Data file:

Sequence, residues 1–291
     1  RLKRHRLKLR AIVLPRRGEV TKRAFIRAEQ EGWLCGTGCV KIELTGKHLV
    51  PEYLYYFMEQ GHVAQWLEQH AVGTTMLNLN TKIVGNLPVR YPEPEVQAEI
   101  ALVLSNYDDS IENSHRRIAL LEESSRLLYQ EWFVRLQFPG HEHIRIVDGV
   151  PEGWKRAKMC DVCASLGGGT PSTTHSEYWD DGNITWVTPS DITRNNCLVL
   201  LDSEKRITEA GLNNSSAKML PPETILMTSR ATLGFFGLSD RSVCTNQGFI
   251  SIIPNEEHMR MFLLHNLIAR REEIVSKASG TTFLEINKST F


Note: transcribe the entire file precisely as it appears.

Sequence, residues 1–291
     1  RLKRHRLKLR AIVLPRRGEV TKRAFIRAEQ EGWLCGTGCV KIELTGKHLV
    51  PEYLYYFMEQ GHVAQWLEQH AVGTTMLNLN TKIVGNLPVR YPEPEVQAEI
   101  ALVLSNYDDS IENSHRRIAL LEESSRLLYQ EWFVRLQFPG HEHIRIVDGV
   151  PEGWKRAKMC DVCASLGGGT PSTTHSEYWD DGNITWVTPS DITRNNCLVL
   201  LDSEKRITEA GLNNSSAKML PPETILMTSR ATLGFFGLSD RSVCTNQGFI
   251  SIIPNEEHMR MFLLHNLIAR REEIVSKASG TTFLEINKST F